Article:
The creation of The Pretty Reckless’ fourth album ‘Death By Rock And Roll’ was blighted with tragedy. In 2017, the band scored the gig of a lifetime supporting Soundgarden on tour, but their lives were understandably rocked after the tragic loss of the grunge legends’ vocalist, their touring partner and friend Chris Cornell.
Leaving tour to regroup and process what had happened, frontwoman Taylor Momsen headed home and slowly started to work on songs. There were plans to work on them with close friend and collaborator, producer Kato Khandwala, but then the unthinkable happened, as the band received the call to tell them that Khandwala had passed away.
During the period of grief that followed, Momsen found solace in her love for music, something she credits for saving her life. Years of turmoil, turbulence, and a thirst to live life to the fullest are encompassed with their fourth studio album ‘Death By Rock And Roll’.
In the latest instalment of NME’s In Conversation series, Taylor Momsen explains how writing this album because a cathartic experience for the band, the full circle experience of collaborating with Soundgarden’s Kim Thayil and Matt Cameron, and how rock’n’roll saved her life. Here’s what we learned.
Taylor credits rock and roll to saving her life
There’d been an understandable radio silence from The Pretty Reckless following their departure from their 2017 spring tour with Soundgarden after Cornell’s passing. Momsen explains that it was “so stunning” to learn how emotionally unequipped she was to handle Cornell’s death.
“I left tour and went home to try to regroup and process what had happened,” she says of the aftermath of the tour. “I started to get my feet back on the ground and move forward, I’d written a few songs and was calling our producer Kato.
“As soon as we started to kind of put those plans in motion, I got the phone call that Kato died in a motorcycle accident. That was really the nail in the coffin for me, I went into this very, very dark place of just depression and substance abuse… I didn’t really know how to get out of it, and I didn’t know if I wanted to. I hit a point where I kind of just gave up on everything, I gave up on life, I didn’t see the point anymore… It was rock’n’roll that really saved my life.”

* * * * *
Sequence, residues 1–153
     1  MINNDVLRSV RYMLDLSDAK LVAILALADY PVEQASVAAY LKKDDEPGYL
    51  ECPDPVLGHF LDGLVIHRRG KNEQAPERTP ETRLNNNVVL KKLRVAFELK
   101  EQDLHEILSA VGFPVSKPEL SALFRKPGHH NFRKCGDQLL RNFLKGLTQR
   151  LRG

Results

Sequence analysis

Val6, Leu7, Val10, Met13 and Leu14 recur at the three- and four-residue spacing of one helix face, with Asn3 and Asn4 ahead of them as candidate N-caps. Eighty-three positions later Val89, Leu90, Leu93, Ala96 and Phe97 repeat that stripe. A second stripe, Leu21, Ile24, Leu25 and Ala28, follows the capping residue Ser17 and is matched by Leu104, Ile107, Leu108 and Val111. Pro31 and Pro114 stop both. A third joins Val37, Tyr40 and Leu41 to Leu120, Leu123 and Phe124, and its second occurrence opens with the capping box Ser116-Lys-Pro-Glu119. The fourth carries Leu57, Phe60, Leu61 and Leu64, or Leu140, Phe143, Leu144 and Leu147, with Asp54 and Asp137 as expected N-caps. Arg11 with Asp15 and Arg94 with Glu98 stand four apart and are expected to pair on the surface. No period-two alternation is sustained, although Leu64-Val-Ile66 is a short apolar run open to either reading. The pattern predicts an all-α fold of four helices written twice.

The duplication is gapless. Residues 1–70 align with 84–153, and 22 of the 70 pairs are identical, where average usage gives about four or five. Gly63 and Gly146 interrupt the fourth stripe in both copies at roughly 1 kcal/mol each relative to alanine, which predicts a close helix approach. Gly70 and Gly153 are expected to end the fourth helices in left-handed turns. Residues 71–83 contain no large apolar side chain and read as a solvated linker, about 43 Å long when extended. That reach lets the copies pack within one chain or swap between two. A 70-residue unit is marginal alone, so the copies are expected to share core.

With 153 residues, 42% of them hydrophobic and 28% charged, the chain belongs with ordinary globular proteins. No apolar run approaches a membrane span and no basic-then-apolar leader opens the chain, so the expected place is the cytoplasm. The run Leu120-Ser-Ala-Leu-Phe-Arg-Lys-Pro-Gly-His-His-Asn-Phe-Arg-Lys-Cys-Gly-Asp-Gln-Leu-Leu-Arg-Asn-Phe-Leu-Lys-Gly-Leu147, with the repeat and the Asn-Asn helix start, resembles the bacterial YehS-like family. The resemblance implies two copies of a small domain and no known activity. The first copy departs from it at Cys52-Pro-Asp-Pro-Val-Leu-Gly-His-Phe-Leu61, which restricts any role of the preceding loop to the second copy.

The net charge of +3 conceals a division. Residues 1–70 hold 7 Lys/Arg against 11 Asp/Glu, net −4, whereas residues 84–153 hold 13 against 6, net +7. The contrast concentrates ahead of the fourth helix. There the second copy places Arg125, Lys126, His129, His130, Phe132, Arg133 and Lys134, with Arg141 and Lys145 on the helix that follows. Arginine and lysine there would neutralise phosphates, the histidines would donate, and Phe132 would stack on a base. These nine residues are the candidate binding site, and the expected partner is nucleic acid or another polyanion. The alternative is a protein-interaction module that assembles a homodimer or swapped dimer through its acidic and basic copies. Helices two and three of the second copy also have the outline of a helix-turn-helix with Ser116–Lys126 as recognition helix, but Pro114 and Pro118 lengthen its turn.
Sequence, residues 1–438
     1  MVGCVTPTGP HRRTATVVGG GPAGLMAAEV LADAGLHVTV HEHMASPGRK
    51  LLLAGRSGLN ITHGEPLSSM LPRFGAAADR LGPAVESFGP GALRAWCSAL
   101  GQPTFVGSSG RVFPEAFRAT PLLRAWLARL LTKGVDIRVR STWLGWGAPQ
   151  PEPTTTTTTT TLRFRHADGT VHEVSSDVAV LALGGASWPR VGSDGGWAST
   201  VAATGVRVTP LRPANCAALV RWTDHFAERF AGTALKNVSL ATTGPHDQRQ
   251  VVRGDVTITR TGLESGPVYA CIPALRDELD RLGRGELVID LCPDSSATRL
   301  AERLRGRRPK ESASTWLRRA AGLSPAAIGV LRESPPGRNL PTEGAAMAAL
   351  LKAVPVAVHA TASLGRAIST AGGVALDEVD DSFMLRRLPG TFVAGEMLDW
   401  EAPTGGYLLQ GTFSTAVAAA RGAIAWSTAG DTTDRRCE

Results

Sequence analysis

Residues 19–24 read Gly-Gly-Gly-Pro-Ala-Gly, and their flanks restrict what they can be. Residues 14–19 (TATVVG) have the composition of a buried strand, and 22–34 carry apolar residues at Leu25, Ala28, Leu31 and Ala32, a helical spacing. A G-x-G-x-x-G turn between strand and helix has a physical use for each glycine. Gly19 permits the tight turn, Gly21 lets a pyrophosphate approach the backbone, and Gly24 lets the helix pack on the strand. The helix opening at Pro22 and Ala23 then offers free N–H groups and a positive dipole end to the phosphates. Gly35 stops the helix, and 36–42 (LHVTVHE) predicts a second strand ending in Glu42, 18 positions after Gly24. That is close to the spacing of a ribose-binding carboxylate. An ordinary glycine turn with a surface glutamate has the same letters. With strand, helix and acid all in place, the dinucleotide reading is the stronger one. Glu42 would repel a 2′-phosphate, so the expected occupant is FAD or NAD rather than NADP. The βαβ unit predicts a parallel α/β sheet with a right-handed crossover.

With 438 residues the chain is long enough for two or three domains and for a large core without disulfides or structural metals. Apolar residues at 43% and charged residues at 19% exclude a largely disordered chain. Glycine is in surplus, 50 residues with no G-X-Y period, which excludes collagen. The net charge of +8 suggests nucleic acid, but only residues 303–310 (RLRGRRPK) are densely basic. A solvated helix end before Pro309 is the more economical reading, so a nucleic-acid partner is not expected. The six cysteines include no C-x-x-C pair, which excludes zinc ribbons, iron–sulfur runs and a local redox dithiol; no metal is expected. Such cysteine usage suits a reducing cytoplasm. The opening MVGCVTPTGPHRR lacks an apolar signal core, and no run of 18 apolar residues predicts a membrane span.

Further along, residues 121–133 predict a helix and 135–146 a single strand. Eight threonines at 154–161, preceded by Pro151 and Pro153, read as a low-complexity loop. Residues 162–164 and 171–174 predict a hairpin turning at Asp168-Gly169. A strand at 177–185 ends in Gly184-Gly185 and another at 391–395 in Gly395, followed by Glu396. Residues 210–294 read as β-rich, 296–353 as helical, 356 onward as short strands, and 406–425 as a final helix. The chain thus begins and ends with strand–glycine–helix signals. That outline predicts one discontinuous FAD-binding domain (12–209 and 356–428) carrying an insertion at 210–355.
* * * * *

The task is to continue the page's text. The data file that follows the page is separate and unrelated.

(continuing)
Momsen started to listen to records by her favourite bands, beginning with The Beatles, which led to her being able to listen to Soundgarden again “without falling apart”. Next came picking up a guitar again, starting to write songs and eventually it led to Momsen starting to work on the album.
“The writing of this album, ” she says, “and the creation of this record – I really credit it to the reason I’m still here, and the reason I’m alive today.”
This album’s a rebirth
Creating ‘Death By Rock And Roll’ was a cathartic experience for the band. Explaining the mindset of the album’s creation, Taylor explains: “I think I hit a point where I had to make a conscious decision of death or move forward, and I just chose to move forward.
“I really consider this album a rebirth in a lot of ways, personally and as a band, it really feels like the first album again. It’s something very near and dear to my heart, but also something I’m extraordinarily proud of, and in my humble opinion I think we’ve really made something special, and I think it may be my best album yet!”
‘Death By Rock And Roll’ is about living life to the fullest